Is it too soon for a Boston Marathon bombing movie?

The director/actor team behind Deepwater Horizon is back (already?) with Patriots Day.

Mark Wahlberg in Patriots Day


It’s natural, I think, to feel an overwhelming sense of dread when you learn that a film about the Boston Marathon bombings has come out of Hollywood starring none other than Boston’s most Bostonian representative in Tinseltown: Mark Wahlberg.

There’s a very real possibility that this horrible, infamous day in American history would be given the Michael Bay treatment, gussied up and pumped with equal parts steely patriotism and splashy sentimentality. There’s a version of this movie out there that features two star-crossed lovers separated by tragedy, a lovable moppet who tears at our heartstrings, a heroic cop who goes above and beyond the call of duty and the woman who loves him and sits at home, worried: this is exactly that film. But Peter Berg is not Michael Bay.

Or rather, Peter Berg is no longer Michael Bay. Since the flop of the very Bay-esque Battleship (a board game adaptation featuring Rihanna, Taylor Kitsch and Liam Neeson taking on fucking space aliens from the confines of a naval battleship, must I remind you), Berg has dedicated his big-screen career to a very specific kind of film: true-life “disaster procedurals” starring Mark Wahlberg — and he’s not half bad at it, from what I’ve seen. Deepwater Horizon was one of the year’s pleasant surprises, a big-budget disaster movie that, while allergic to character development and deeply in love with CGI fire, was significantly more dedicated to a meat-and-potatoes approach to storytelling than you’d expect from that subject/star combo.

Berg uses much the same method with Patriots Day, though the nature of the story told here does force him to indulge in more melodramatic clichés and broad patriotism than in the previous film. The bombing only constitutes a small part of the film, which is instead dedicated mostly to the harrowing chase for the Tsarnaev brothers that kept Boston on lockdown for days after the attack at the marathon’s finish line.

Wahlberg plays Tommy Saunders (the only major fictional character in the film), a Boston cop with a bad knee and a worse attitude who’s assigned to the finish line as penance for roughing up a vice cop some time before. Saunders is in the heat of the action when a couple of bombs go off hours into the marathon, a heavily attended Boston tradition. Caught in the middle of the carnage, Saunders feels a unquenchable need to find the perpetrators, a task considerably complicated when the feds (led by Kevin Bacon) move in on the situation and begin tracking down what turns out to be Chechen brothers Tamerlan (Themo Melikidze) and Dzhokhar Tsarnaev (Alex Wolff).

The biggest strength of Berg’s approach is that it covers a lot of ground at once, meaning that the film has so many threads and characters that it can’t really be bogged down in too much corn. A handful of survivors’ lives are profiled from the disaster’s preamble to its aftermath, but Berg stops way short of showing us a burnt-up picture of their loved ones floating in the breeze (as Bay did in 13 Hours). Even the perpetrators are depicted as more than just faceless demons, though Berg stops well short of trying to elicit any sympathy for them.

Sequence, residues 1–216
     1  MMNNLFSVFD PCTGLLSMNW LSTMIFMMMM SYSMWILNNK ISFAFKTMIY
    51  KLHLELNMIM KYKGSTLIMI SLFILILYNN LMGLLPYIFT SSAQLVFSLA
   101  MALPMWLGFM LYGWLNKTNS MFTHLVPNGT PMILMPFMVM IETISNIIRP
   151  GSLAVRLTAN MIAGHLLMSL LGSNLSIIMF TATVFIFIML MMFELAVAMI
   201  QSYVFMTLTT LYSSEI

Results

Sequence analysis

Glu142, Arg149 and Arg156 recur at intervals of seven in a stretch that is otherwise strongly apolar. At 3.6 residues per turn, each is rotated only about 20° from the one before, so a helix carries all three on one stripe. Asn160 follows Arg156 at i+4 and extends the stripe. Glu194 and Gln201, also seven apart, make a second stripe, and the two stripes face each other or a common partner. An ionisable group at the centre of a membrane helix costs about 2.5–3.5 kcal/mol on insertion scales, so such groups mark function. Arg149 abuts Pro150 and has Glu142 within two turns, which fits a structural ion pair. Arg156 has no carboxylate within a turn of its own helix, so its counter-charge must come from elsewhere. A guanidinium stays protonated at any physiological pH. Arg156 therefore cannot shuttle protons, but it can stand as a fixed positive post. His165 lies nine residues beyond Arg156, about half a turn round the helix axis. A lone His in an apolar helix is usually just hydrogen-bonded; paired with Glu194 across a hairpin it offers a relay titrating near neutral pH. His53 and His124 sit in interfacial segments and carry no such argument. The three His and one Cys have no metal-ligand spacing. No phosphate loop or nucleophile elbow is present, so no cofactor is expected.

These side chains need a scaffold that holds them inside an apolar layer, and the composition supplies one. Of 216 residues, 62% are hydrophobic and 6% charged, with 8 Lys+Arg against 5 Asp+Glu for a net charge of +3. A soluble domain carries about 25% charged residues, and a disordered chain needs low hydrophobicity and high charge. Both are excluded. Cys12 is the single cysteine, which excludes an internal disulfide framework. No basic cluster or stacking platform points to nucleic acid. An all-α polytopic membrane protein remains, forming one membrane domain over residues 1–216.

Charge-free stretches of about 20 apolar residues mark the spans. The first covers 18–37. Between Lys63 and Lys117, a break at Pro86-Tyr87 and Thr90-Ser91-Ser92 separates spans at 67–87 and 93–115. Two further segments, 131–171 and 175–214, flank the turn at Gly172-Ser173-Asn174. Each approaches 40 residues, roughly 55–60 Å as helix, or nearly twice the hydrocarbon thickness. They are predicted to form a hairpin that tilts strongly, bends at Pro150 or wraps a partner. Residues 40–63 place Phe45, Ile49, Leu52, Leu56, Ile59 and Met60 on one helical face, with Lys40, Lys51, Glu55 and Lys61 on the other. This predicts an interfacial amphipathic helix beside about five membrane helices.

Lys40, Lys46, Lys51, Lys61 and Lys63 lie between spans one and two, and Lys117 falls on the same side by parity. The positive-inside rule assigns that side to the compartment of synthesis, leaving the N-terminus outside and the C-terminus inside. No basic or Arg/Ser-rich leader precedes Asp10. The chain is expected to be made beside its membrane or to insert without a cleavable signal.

That’s not to say that the film isn’t designed for maximum impact. Almost all of the characters’ slice-of-life preamble is depicted through their romantic pursuits, and Berg indulges in some extremely wack heartstring-tugging when he frames a couple frolicking in bed by focusing mostly on their feet — because they will subsequently lose those feet in the attacks.

Berg is surprisingly good at calibrated cacophony. Patriots Day is at its best when it moves along breathlessly with few pauses for slow-motion emotion and Wahlberg speechifying (there’s only one of these, surprisingly). The search for the suspect (which also ropes in the Boston police commissioner, played by John Goodman, and nearby Watertown’s sheriff, played by J.K. Simmons) was a real-life event that I remember as being suspenseful as hell just sitting in my house — unsurprisingly, it plays like gangbusters even considering Berg isn’t afraid to get his hands dirty with the most unglamorous of details.

All this, however, does point to the film’s biggest fundamental flaw: that these events are so recent that there’s absolutely no water under the bridge. (Tamerlan Tsarnaev’s wife’s trial isn’t even over — a fact that the film makes abundantly clear.) There’s definitely an upside to the ripped-from-the-headlines aspect of the story, but the fact that the film includes the longest documentary coda I’ve ever seen in a based-on-a-true-story movie also points to the real motivations behind this project: prolonging this whole Boston Proud thing by a couple of years.

It’s certainly not the most facetious or dishonest reason why any real-life event was ever made into a movie, but when a film finishes with something like 20 minutes of documentary footage of the real people whose lives you just re-enacted, it’s hard to really feel like this story was burning up the people telling it. Maybe I’m wrong — maybe Berg, Wahlberg and everyone else involved felt an overpowering desire to exorcise the demons associated with this dark chapter in American history, but maybe not. Either way, the good thing about this kind of too-soon effort is that they tend to age more gracefully than most. Ask me again in 2020.  ■

Patriots Day opens in theatres on Friday, Jan. 13. Watch the trailer here: